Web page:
The day was clear and cold and I shuffled along like a little girl kicking the fallen dry leaves on the ground and counting squirrel nests. You can see them so clearly this time of year
In many ways winter allows us to be even more aware of the natural world around us. The scents in the air seem so clean and crisp and I love to inhale deeply and say a meditation of thanks for being given this day and not despair of the darkness that sometimes shadows over me, obscuring the path. I am learning not to panic and just run off thinking I can outrun the shadows. Often now I will just sit quietly and let them pass overhead, as I know the shadows and fear are what allow us to experience the light and the joy and like it or not they all have their place is the cosmos.
I spotted a row of some type of shrubbery showing all the stages of its transition from summer to winter. Some leaves still green and some have already fallen and some defy words in explaining the hues and textures they have. The leaves had thorns on the edges and soft white hairs. A friend recently told me that even though we think of the leaves as “changing colors in the fall” that isn’t exactly what happens. The colors were there all along. I had to check this out and sure enough the explanation I read confirmed this, though it is really just part of the story.
During winter, there is not enough light or water for photosynthesis. The trees will rest, and live off the food they stored during the summer. They begin to shut down their food-making factories. The green chlorophyll disappears from the leaves. As the bright green fades away, we begin to see yellow and orange colors. Small amounts of these colors have been in the leaves all along. We just can’t see them in the summer, because they are covered up by the green chlorophyll. The bright reds and purples we see in leaves are made mostly in the fall. In some trees, like maples, glucose is trapped in the leaves after photosynthesis stops. Sunlight and the cool nights of autumn cause the leaves turn this glucose into a red color. The brown color of trees like oaks is made from wastes left in the leaves.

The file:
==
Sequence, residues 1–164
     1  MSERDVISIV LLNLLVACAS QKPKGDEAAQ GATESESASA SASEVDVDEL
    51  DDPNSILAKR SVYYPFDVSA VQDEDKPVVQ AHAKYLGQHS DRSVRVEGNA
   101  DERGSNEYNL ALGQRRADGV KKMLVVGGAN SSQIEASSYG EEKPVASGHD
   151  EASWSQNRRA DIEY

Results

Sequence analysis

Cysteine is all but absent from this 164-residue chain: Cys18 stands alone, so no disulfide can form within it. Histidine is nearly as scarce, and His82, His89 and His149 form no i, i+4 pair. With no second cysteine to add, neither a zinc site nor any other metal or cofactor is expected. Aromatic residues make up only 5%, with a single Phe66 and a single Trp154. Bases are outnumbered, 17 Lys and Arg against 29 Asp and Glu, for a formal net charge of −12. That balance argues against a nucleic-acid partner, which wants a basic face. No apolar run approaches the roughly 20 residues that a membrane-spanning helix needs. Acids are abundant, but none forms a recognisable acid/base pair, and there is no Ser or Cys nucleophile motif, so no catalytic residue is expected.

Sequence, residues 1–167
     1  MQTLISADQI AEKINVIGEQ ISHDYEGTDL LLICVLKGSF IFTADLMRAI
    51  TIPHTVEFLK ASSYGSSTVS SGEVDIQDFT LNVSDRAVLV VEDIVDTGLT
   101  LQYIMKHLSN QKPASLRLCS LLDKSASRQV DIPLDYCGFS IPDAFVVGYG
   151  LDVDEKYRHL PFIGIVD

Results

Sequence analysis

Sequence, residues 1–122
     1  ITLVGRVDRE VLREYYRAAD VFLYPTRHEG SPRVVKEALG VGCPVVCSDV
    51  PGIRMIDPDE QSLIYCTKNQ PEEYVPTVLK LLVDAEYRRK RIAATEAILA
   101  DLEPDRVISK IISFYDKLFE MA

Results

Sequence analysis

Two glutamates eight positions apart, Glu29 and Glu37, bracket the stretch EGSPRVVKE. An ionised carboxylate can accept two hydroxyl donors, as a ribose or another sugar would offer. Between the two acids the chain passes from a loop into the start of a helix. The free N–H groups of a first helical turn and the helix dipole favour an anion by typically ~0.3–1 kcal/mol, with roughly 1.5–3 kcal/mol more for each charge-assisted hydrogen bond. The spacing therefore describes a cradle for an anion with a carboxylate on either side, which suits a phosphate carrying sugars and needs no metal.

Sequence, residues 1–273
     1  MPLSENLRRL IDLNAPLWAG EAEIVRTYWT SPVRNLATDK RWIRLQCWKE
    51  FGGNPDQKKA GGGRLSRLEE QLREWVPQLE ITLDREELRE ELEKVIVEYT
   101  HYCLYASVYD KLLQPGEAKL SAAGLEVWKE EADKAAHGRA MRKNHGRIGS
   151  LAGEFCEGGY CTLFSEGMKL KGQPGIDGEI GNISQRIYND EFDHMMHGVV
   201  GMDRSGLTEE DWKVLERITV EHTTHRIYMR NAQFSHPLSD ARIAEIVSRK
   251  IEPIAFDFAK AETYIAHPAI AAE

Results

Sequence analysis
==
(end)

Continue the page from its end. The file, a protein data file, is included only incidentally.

It is the combination of all these things that make the beautiful fall foliage colors we enjoy each year.
I really like this explanation because it shows us that there is so much around us that is often hidden or waiting to reveal itself in the proper time. It shows me patience and humility and somehow the unimportance of time.
Everything around us is extraordinary in its own way. We just need to open ourselves to the AWARENESS.
“Life can only be understood backwards; but it must be lived forwards.”
― Søren Kierkegaard
Today I wandered past an old church and glanced up at the window and became mesmerized by the reflections of clouds and sky. I must have watched it for a while because when it first caught my eye the sky was dismal and overcast and then my mind cleared the sky was blue and the clouds drifting by were white and full.
I have heard it said that life comes down to a few great moments but how are we to question and evaluate the moments of our lives and know which of all the moments that have passed by with stealth and brought us times of love, sorrow, joy or despair is a great moment?